Police Release Quarterly Report on School Arrests

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Nearly half of the students arrested inside New York City schools in July through September were under the age of 16, according to a report on school arrests by the New York City Police Department that was released Monday.

The new data covers arrests and summonses issued to students by members of the Police Department's school safety division from July 1 to Sept. 30, a time span that includes summer school and the first few weeks of regular classes. During that period, school safety agents and officers arrested 63 students, ages 12 to over 20, and issued 182 summonses.

This is the first time the Police Department has complied with the Student Safety Act, a law passed by the City Council last year that requires the Police Department and Department of Education to issue quarterly reports on student arrests, summonses and suspensions.

The Council passed the law after expressing concerns that police officers were moving too aggressively to arrest students.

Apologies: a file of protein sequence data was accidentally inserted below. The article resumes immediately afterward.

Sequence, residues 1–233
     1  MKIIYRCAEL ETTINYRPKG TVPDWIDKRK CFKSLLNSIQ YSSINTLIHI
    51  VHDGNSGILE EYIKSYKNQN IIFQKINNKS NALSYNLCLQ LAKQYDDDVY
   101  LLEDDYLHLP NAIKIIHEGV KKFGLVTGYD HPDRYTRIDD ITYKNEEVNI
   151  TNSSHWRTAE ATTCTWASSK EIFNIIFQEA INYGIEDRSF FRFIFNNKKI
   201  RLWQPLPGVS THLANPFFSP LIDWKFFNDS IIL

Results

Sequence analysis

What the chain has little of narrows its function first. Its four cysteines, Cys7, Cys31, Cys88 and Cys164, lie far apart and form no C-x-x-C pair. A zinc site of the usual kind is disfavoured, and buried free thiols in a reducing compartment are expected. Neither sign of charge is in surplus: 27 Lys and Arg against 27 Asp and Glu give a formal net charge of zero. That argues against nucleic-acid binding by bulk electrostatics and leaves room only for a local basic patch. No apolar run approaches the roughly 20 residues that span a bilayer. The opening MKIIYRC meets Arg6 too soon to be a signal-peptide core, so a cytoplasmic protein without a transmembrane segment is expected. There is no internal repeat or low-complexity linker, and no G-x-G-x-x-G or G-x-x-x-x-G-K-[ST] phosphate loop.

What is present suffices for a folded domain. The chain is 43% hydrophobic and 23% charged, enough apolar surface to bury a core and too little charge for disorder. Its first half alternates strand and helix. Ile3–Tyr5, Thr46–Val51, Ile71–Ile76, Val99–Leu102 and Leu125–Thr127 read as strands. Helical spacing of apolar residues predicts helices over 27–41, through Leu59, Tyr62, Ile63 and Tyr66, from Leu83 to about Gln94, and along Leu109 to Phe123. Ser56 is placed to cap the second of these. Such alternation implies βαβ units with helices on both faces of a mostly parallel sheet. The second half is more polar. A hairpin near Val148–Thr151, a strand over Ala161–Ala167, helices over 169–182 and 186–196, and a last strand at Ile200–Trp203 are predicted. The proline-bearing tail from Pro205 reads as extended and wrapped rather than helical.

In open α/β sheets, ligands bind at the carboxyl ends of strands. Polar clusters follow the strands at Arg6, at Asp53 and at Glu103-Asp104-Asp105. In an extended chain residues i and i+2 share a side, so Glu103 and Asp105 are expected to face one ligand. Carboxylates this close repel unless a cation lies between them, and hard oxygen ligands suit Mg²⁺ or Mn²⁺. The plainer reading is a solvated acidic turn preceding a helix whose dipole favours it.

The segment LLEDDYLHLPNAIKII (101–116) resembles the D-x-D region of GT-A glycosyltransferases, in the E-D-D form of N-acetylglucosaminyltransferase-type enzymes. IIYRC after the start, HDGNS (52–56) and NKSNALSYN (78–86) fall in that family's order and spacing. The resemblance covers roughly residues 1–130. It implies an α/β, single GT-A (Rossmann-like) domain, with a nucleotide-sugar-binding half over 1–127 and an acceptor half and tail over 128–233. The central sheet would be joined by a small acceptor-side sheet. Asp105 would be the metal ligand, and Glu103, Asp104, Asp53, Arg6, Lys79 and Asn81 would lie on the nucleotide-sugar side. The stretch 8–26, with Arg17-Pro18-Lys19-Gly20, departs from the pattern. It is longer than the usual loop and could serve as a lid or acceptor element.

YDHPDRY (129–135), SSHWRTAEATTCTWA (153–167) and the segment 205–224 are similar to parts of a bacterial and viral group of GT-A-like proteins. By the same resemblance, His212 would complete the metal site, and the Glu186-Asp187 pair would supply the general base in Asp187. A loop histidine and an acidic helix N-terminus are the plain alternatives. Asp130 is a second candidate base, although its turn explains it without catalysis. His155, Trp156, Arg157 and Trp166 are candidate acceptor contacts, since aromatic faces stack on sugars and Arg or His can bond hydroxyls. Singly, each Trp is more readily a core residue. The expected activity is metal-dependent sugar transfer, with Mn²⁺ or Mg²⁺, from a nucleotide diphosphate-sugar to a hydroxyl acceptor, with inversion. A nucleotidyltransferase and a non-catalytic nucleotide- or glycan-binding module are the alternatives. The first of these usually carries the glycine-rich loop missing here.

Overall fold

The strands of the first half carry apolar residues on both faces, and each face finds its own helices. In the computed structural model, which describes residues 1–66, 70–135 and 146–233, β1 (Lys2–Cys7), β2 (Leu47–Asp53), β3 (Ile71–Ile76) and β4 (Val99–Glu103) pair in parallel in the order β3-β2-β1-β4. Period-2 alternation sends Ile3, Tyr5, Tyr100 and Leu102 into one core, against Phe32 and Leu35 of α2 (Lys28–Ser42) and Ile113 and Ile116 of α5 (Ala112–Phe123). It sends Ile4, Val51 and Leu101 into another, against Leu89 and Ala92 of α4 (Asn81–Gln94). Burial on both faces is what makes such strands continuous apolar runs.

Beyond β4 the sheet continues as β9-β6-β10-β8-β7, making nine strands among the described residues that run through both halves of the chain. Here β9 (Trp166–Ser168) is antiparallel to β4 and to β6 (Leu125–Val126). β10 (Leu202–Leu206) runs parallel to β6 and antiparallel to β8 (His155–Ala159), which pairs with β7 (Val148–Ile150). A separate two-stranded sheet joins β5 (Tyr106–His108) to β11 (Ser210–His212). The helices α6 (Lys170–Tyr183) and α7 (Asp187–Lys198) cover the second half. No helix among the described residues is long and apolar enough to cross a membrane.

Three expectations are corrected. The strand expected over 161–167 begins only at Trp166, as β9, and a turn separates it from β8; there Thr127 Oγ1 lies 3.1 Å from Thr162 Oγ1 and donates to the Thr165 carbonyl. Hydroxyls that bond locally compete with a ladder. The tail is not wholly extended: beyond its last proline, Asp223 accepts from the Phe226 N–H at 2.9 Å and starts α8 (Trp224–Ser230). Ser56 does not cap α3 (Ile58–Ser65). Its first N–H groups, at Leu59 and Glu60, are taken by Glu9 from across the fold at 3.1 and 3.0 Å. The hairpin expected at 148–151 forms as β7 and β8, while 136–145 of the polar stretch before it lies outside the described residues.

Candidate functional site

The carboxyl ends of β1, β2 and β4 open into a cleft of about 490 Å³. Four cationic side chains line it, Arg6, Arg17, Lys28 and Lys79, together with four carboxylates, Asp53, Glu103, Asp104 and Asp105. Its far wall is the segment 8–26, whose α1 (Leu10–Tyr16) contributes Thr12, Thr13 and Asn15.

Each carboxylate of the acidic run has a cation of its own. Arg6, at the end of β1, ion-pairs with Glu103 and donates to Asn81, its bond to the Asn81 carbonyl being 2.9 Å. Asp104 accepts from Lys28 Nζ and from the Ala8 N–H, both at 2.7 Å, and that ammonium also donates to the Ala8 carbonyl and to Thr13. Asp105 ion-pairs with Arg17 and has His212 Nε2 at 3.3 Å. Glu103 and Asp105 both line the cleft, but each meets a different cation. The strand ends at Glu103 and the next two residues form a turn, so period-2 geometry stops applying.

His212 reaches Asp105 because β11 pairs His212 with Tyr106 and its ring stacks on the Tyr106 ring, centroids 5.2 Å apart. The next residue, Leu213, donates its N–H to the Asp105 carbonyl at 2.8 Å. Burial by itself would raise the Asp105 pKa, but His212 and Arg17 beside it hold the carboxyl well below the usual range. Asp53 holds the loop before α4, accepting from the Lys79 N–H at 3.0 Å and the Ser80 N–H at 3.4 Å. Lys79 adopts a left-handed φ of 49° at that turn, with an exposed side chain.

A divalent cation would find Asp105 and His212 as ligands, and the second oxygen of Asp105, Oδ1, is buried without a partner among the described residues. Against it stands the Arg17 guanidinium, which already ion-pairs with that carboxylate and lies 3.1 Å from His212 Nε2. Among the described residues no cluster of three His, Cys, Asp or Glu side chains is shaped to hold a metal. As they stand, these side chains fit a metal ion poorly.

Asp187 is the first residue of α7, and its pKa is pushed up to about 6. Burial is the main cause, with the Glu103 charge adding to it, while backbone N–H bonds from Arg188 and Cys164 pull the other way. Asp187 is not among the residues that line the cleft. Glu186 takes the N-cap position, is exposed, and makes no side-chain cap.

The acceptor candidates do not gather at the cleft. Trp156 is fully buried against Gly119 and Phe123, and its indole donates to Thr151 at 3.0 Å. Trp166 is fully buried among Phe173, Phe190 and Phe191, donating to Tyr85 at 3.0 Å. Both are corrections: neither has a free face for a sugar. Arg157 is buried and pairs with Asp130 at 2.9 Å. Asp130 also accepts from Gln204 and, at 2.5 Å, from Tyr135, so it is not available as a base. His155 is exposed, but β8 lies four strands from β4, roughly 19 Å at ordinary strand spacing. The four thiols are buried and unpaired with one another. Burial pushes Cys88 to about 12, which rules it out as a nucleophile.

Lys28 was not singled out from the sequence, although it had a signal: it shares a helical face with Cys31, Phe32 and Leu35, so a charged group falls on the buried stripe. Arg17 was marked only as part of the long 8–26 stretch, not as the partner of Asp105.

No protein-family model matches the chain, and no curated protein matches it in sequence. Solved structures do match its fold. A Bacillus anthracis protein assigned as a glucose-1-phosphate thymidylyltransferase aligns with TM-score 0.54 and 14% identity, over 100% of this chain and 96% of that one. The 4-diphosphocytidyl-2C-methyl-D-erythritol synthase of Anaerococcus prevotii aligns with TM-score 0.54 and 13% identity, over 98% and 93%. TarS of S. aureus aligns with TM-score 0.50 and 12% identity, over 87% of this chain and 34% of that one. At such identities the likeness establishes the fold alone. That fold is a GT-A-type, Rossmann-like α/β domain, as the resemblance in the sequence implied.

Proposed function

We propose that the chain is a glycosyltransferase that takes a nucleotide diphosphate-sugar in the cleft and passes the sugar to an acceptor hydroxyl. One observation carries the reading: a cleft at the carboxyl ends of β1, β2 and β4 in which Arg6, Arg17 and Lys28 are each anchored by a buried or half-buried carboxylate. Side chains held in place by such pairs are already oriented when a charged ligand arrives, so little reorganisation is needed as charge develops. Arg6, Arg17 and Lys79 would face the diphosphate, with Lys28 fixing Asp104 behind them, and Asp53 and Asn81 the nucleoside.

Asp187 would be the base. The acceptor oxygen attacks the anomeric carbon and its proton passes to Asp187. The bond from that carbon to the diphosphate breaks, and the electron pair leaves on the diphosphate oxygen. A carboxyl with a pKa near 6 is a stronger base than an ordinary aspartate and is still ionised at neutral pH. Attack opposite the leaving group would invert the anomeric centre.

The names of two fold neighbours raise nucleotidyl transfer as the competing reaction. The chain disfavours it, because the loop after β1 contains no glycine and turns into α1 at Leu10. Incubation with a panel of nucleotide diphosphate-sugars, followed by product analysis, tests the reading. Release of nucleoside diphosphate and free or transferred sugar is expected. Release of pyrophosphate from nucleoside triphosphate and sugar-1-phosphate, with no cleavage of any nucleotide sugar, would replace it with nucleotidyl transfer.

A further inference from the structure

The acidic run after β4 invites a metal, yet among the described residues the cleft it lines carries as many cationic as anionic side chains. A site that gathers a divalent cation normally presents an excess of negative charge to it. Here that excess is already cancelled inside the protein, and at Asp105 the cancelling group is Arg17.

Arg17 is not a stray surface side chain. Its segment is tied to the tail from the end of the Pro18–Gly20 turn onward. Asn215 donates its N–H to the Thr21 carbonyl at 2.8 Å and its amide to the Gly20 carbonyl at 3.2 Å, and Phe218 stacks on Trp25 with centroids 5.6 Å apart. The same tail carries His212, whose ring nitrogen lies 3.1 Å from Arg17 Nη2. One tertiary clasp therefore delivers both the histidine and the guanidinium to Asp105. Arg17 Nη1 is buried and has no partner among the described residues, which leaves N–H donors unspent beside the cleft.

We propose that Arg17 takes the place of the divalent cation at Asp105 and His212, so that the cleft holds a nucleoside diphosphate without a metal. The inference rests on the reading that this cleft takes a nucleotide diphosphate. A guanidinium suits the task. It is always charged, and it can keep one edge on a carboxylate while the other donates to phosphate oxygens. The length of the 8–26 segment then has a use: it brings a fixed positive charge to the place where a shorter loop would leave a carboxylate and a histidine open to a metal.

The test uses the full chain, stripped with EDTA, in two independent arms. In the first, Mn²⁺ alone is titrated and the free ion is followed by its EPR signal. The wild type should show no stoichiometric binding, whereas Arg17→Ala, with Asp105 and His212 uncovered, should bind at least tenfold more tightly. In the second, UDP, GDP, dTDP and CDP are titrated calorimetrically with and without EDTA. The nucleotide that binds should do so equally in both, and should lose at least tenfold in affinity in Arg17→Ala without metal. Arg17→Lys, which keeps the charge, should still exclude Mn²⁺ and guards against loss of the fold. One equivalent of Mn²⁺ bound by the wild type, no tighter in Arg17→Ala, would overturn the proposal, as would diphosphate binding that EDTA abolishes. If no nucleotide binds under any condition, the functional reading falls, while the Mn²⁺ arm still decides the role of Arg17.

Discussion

The Police Department released the figures without commenting on them to the New York Civil Liberties Union, which then released them to reporters.

Though black students make up roughly a third of the student body in city schools, they represent 68 percent of students who were arrested, the figures show. The Police Department does not collect racial data on summonses. For both arrests and summonses, the vast majority of students who received them were male.

In the Bronx and Brooklyn, where the largest share of the arrests took place, about half were made for assault. Five students were arrested for bringing weapons to school, and two were arrested for robbery.

Some of the reasons listed for arresting students are difficult to understand in the context of a school. For example, citywide, six students were arrested for "obstructing governmental administration."

Summonses, which are less severe but require students to appear in court, were given for violations like disorderly conduct and possession of marijuana.

Donna Lieberman, the executive director of the New York Civil Liberties Union, said that because the period covered by the data includes only 40 to 50 school days, depending on the type of school, the number of arrests and summonses "raises serious concerns."

"We don’t have any comparative period against which to evaluate this," she said. "But I think that looking at the disproportionate impact of the summonses and arrests on black males, we have to think about it in the context of the mayor’s expressed concern about the future of and the problems facing young men of color."